The Concept Of Business Level-strategies
The concept of competitive business-level strategy is somewhat confusing, as several writers have tried to articulate dimensions of strategy using different labels. Moreover, a number of partial theories or typologies of business strategy have been developed.
Organizational theorists have explored the linkages between environment, organizational and managerial characteristics, and in some cases business performance. The results have come to be called contingency theory (Dill, 1958; Burns and Stalker, 1961; Lawrence and Lorsch, 1969; Lorsch and Morse, 1974). However, the major shortcoming for those interested in strategic management is that obvious this theory does not incorporate a strategy concept.
There has been considerable discussion about the central role strategy should assume in organization theory (Bourgeois and Astley, 1978). As White and Hamermesh (1981) argued, "it is through strategy that the firm interprets its environment and that strategy (should) guide the choice of organization structure" . This interpretive view of strategy would contend that the organization must cope with the demands of its chosen strategy rather than directly with its environment, although the choice of strategy should take into account environmental conditions.
Perhaps the most popular business strategy typologies have been based upon assessing the attractiveness of the industry or competitive environment, and the business's capabilities relative to other competitors. By arranging its portfolio of businesses in a matrix with industry attractiveness on one dimension and business position on the other, multi-business companies could assign each business a strategic mission: divest / harvest, defend / maintain or grow / build.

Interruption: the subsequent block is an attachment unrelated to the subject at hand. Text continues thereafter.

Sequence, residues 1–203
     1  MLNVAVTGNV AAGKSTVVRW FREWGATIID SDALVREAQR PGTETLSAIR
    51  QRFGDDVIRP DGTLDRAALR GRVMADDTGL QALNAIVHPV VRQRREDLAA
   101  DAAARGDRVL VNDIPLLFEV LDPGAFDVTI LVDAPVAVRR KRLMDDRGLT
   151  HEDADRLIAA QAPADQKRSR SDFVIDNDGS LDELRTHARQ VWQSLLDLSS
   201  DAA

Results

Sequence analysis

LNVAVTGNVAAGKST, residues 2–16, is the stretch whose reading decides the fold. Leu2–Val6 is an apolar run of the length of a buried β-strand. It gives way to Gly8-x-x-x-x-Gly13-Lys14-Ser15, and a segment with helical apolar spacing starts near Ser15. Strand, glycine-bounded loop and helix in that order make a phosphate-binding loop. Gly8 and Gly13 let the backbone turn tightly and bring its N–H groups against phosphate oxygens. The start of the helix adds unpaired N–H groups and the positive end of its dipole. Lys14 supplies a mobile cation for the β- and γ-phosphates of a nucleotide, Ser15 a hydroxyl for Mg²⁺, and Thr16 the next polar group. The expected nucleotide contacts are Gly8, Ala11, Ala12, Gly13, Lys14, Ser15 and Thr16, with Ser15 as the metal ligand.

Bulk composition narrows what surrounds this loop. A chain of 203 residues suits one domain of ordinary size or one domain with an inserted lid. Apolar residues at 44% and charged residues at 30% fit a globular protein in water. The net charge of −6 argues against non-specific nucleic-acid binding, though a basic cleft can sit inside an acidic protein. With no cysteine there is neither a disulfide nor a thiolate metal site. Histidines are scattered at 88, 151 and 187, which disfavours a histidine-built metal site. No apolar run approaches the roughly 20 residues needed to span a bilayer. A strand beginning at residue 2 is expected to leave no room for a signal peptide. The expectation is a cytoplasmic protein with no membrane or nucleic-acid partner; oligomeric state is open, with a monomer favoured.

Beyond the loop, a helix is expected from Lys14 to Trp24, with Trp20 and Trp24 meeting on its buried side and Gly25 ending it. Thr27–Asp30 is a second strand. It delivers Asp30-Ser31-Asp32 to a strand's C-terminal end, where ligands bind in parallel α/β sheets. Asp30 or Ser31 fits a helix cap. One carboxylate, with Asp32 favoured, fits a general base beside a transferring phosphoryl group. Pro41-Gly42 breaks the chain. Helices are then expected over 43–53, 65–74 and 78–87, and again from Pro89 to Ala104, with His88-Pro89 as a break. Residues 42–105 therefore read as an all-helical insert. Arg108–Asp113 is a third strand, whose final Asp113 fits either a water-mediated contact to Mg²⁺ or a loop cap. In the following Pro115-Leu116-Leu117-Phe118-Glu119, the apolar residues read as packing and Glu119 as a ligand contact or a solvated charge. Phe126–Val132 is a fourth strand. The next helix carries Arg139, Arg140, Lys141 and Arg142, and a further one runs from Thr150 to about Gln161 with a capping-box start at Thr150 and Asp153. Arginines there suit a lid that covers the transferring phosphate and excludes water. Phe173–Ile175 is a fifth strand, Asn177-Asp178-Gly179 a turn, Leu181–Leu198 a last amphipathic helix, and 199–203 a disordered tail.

For example, the portfolio models: BC, GE / McKinsey / Shell with their industry growth / market share matrix (Henderson, 1970), deal with strategy in terms of the relative investment the firm should make in each of its business, depend on its relative position in the industry and the industry's attractiveness. Many variations on this theme are the works: strategies of building, holding and harvesting (Buzzell, Gale, and Sultan, 1975); strategies of explosion, expansion, continuous growth, slip, consolidation and contraction (Wissema, Van der Pol and Messer, 1980); strategies of share increasing, growth, profit and liquidation (Hofer and Schendel, 1978). However, these theories do not more to address the corporate strategy problem - which business should we be in?, than the business strategy problem - how should we compete in this business?
Other typologies are based on products-market evolution stage, and include those of Fox (1973), and Glueck (1980). These show some marketing considerations, in addition to using some of the same variables contained in other typologies.